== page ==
back to the drawing board

drawing board

noun
1.
a rectangular board on which paper is placed or mounted for drawing or drafting.
Idioms
2.
back to the drawing board, back to the original or an earlier stage of planning or development: Our plan didn't work out, so it's back to the drawing board.
3.
on the drawing board, in the planning or design stage: The shopping center is still on the drawing board.

Origin:
1715–25

Dictionary.com Unabridged
Based on the Random House Dictionary, © Random House, Inc. 2014.
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Collins
World English Dictionary
drawing board
 
n
1.  a smooth flat rectangular board on which paper, canvas, etc, is placed for making drawings
2.  back to the drawing board return to an earlier stage in an enterprise because a planned undertaking has failed

Collins English Dictionary - Complete & Unabridged 10th Edition
2009 © William Collins Sons & Co. Ltd. 1979, 1986 © HarperCollins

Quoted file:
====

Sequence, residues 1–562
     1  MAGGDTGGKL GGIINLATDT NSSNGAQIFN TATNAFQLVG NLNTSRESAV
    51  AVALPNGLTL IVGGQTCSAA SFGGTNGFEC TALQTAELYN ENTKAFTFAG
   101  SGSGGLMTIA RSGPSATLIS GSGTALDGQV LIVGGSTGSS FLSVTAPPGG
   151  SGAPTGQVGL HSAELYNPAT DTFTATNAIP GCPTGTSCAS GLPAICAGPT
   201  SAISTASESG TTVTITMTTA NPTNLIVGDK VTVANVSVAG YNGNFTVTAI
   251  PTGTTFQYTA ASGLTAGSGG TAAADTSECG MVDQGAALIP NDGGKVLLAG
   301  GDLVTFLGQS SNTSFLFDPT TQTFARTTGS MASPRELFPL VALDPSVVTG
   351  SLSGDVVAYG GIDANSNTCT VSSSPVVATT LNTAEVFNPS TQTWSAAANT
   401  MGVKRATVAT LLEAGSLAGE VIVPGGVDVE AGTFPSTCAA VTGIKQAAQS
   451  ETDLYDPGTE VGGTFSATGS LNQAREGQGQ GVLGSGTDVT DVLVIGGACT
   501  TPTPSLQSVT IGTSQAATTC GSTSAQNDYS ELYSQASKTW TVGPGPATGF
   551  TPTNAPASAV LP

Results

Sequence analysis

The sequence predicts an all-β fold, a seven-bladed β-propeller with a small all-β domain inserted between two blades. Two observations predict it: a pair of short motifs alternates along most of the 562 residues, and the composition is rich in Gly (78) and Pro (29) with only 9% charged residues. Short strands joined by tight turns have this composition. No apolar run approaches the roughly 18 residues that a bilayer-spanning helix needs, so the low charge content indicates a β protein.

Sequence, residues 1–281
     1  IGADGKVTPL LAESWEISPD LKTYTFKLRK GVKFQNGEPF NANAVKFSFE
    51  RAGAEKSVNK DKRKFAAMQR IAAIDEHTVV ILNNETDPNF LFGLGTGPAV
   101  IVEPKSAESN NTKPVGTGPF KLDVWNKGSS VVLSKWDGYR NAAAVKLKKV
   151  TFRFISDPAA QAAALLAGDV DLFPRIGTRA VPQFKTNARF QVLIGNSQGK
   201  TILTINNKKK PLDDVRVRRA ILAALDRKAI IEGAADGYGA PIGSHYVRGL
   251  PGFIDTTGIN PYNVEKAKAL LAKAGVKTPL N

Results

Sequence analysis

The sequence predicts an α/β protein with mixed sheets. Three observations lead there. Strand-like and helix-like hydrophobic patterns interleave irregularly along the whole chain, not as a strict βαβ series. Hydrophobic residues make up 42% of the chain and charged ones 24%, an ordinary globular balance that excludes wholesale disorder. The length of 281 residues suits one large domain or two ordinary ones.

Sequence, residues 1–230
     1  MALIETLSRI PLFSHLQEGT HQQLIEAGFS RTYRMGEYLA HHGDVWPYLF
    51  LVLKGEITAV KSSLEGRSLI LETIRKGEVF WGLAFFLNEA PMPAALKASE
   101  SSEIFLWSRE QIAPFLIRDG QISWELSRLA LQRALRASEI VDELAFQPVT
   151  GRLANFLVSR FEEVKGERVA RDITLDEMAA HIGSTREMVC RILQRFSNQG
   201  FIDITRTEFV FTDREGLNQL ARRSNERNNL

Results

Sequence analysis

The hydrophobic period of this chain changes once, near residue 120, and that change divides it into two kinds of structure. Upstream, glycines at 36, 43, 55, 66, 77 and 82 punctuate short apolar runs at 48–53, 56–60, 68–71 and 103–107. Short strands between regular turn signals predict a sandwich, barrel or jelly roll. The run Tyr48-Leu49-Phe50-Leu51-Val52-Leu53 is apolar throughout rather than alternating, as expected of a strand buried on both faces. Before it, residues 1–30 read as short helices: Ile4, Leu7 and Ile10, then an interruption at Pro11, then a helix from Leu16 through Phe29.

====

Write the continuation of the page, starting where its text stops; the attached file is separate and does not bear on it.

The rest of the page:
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American Heritage
Cultural Dictionary

back to the drawing board definition


A saying indicating that one's effort has failed, and one must start all over again: “The new package we designed hasn't increased our sales as we'd hoped, so it's back to the drawing board.”

The American Heritage® New Dictionary of Cultural Literacy, Third Edition
Copyright © 2005 by Houghton Mifflin Company.
Published by Houghton Mifflin Company. All rights reserved.
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American Heritage
Idioms & Phrases

back to the drawing board

Also, back to square one. Back to the beginning because the current attempt was unsuccessful, as in When the town refused to fund our music program, we had to go back to the drawing board, or I've assembled this wrong side up, so it's back to square one. The first term originated during World War II, most likely from the caption of a cartoon by Peter Arno in The New Yorker magazine. It pictured a man who held a set of blueprints and was watching an airplane explode. The variant is thought to come from a board game or street game where an unlucky throw of dice or a marker sends the player back to the beginning of the course. It was popularized by British sports-casters in the 1930s, when the printed radio program included a grid with numbered squares to help listeners follow the description of a soccer game.

The American Heritage® Dictionary of Idioms by Christine Ammer.
Copyright © 1997. Published by Houghton Mifflin.
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